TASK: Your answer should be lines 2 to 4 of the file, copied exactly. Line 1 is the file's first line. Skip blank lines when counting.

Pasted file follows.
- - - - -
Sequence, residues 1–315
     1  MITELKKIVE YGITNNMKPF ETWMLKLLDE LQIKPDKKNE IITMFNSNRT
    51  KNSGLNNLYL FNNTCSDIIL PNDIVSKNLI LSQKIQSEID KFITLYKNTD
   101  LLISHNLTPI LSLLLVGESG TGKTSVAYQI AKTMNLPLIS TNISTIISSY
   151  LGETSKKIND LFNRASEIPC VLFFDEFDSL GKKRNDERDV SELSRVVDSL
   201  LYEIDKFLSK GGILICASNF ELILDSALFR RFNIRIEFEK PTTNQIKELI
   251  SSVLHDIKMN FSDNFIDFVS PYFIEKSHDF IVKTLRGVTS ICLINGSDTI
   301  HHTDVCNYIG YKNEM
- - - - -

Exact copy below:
     1  MITELKKIVE YGITNNMKPF ETWMLKLLDE LQIKPDKKNE IITMFNSNRT
    51  KNSGLNNLYL FNNTCSDIIL PNDIVSKNLI LSQKIQSEID KFITLYKNTD
   101  LLISHNLTPI LSLLLVGESG TGKTSVAYQI AKTMNLPLIS TNISTIISSY